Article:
I show up to “Teratology: The Science and History of Human Monstrosity” on a rainy afternoon, having done little research but expecting some sort of blown-up, fully-realized version of all those creepy Wikipedia pages I sometimes find myself reading at 3 a.m. Instead, I am greeted by a selection of prints, book illustrations and photographs — each object small enough to hold in one hand. At first, this is kind of a letdown: The exhibit seems to domesticate monsters, reducing them to two dimensions. But then I recognize that teratology itself has a similar goal — the classification of the abnormal and the monstrous.
Meant as an accompaniment to the “Side Show” exhibit at the Yale School of Art, “Teratology” is a small affair, currently located in the rotunda of the Cushing/Whitney Medical Library. The exhibit dives into the methodology by which scientists, doctors and explorers categorized and sought to understand these so-called monsters. Each glass case houses about a century or so of the science’s history, with an accompanying dense text label.
The boundaries of “nature” are a little nebulous for 15th century Western naturalists, or so the dense text label tells me. These collectors threw the monsters and the marvels together, along with plants and rocks and whatever else made the cut. Sometimes, your own limited experience blurs the distinctions: Sure, you are trying to keep your real animals and your fake animals separate, but if you are Swiss naturalist Konrad Gesner, you might not know if that mermaid report is a lie or if those human-fish hybrids really do exist several thousand miles away! So you take the chance and include it in your book anyway.
As I walk around the rotunda, I realize I was expecting a sense of discovery. I want to leaf through pages, squint at the obscure and the unrecognizable. But all the books are already open. An anatomical drawing of a rhinoceros, pulled from a Dürer woodcut, fits neatly in a box no bigger than a sheet of printer paper. (The dense text label tells me the rhino belongs to a larger “discourse” on unicorns, none of which I see.) The visual stunners are few: perhaps an illustration of a floating fetus, its limbs stick-straight? Or the engrossing representations of conjoined twins?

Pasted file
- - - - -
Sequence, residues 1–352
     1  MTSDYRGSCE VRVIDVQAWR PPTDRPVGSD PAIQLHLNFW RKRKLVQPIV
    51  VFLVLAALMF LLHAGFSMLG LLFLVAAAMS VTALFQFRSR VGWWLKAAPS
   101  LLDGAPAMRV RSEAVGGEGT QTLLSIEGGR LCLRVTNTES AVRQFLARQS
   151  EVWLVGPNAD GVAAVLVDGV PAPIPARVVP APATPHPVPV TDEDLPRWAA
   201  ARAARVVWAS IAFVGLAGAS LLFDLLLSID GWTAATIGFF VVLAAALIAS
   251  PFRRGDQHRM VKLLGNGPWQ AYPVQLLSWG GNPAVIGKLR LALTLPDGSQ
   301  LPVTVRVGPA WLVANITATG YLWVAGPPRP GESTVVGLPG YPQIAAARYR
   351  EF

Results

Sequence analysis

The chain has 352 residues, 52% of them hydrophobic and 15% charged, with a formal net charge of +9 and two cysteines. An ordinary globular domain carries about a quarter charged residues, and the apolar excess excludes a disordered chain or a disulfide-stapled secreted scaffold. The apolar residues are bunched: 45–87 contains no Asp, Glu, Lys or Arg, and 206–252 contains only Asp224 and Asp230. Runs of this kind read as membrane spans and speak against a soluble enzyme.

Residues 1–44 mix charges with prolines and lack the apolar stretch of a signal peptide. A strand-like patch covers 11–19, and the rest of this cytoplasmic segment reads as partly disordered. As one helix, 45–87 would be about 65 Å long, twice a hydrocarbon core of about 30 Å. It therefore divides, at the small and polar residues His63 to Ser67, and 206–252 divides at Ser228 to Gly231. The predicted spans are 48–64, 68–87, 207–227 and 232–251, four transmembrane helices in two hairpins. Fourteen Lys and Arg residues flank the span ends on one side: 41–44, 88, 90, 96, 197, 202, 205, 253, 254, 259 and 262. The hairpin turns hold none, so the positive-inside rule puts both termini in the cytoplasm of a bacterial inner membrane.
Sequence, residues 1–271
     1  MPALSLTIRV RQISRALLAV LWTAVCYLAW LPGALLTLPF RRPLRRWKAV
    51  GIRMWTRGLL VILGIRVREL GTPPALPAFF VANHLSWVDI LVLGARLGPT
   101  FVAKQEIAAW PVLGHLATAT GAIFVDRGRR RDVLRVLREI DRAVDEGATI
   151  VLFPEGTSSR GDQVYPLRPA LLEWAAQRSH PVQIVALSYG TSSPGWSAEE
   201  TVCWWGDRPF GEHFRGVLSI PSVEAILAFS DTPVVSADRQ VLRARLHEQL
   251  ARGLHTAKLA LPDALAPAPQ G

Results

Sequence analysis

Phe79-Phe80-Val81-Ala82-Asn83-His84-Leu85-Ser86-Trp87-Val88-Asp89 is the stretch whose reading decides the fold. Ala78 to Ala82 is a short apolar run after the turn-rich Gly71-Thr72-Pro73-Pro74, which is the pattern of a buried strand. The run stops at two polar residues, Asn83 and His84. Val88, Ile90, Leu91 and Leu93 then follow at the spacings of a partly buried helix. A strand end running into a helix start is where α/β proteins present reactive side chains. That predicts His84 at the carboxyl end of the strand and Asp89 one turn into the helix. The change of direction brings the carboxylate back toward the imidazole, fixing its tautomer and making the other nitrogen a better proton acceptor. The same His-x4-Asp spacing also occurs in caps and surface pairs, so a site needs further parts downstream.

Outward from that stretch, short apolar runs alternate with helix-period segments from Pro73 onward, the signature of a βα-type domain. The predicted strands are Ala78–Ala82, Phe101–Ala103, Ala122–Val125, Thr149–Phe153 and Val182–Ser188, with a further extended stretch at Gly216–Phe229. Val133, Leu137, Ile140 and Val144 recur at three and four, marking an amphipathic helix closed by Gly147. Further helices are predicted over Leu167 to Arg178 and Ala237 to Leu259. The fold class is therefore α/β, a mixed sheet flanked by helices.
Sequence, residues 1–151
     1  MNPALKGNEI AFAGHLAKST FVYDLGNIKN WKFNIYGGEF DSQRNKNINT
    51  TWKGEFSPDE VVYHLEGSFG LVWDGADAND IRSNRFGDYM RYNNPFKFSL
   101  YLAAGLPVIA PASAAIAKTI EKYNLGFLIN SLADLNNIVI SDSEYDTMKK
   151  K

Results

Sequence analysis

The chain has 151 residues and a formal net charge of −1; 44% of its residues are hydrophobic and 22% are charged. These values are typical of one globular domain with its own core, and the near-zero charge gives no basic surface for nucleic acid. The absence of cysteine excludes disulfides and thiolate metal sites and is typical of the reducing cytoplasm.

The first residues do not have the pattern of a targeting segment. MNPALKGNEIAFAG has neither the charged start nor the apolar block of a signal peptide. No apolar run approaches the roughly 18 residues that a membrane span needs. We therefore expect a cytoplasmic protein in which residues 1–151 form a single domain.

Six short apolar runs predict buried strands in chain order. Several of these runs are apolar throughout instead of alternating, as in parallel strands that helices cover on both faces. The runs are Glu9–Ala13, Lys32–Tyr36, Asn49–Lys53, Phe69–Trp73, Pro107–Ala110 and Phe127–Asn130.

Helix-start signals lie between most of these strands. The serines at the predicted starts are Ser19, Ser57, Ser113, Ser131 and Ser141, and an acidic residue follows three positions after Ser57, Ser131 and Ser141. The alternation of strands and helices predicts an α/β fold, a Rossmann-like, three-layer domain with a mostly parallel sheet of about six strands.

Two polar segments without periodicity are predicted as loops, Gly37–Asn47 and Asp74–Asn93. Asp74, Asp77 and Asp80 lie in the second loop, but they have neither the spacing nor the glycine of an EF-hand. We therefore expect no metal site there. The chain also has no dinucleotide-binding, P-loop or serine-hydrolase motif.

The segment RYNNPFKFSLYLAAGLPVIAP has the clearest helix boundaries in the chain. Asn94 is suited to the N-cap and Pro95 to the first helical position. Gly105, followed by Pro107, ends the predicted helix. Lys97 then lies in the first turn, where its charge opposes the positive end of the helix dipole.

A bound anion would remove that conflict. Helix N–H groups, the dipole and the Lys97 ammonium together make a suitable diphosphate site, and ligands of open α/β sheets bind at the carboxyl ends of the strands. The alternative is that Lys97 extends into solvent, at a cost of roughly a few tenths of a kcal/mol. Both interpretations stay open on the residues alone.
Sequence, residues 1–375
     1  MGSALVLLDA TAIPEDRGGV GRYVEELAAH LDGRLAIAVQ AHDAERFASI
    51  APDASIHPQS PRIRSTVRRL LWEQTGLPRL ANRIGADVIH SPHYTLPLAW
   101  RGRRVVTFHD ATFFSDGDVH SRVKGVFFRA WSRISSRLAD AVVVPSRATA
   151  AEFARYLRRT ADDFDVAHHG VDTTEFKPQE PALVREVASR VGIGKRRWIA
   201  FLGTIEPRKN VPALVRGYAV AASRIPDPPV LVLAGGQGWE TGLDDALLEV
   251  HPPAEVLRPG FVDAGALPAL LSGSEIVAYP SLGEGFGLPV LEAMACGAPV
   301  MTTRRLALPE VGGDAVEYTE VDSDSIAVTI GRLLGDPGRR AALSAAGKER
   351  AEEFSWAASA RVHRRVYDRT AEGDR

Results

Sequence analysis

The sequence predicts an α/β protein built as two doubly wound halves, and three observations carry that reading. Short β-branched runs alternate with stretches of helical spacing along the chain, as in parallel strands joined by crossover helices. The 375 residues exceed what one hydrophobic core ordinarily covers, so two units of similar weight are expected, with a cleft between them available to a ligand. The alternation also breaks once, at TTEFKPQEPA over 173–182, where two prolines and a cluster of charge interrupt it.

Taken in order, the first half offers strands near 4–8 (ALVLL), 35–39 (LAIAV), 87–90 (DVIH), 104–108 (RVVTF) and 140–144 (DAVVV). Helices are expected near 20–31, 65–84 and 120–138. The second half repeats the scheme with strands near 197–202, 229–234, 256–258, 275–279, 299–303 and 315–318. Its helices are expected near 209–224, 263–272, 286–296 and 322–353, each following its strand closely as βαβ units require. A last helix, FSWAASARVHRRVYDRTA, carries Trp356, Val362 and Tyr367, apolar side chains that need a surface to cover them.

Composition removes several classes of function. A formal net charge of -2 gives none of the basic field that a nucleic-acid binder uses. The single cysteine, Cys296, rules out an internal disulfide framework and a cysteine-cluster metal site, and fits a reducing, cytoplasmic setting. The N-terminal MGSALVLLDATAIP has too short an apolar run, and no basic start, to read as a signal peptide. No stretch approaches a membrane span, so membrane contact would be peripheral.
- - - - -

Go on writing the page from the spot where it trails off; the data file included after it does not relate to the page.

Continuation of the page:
Teratology — both the exhibit and the science itself — is sparing in its sympathy for the so-called monsters it depicts, opting for objectivity instead. I read about a 19th century woman named Julia Pastrana, a.k.a. “Baboon Lady” or “Bear Woman” (think excessive hair growth, face and body). Pastrana was purchased from her mother by a man named Theodore Lent, who became both her manager and her husband. When she and her young child died, Lent had them taxidermied and exhibited. (Something no good husband would do, you might think. But then again, Juan Perón had Evita embalmed, too.) Pastrana’s plight speaks to a common perception of abnormal bodies “as objects rather than subjects,” according to the curators. This is a succinct value judgment, breaking away from the science’s clinical remove.
The last few display cases ease into modernity: I see neatly arranged lineups of human chromosomes, scientific studies in scientific journals, all in all the suggestion that we are finally dispelling the myths. That everything can be broken down into numbers and birth defects and drugs you shouldn’t take while pregnant. So I know all of this, but I still don’t know the name of the girl (photographed, 1960s) who is missing a couple of limbs due to a sleep aid her mother took while she was still in the womb. This bothers me.
“Naming is a difficult and time-consuming process; it concerns essences, and it means power,” writes Jeanette Winterson in Oranges Are Not the Only Fruit. In naming the monsters, mapping out their origins in linear and categorical fashions, we’re looking for the power of knowing, an explanation for the unfamiliar. What I want, though, is really the comfort of knowing things turn out to be okay, even if you’re touring the country on view for sharing a hip or a skull with your brother, or for being a Living Skeleton. I want to know the girl’s name.
In thirty minutes at the exhibit, I’ve drawn the stares of a few med students and a hasty conclusion on teratology itself. I understand the need to understand, but I’m looking for a little more compassion. The display can’t give me that, and maybe that’s the point.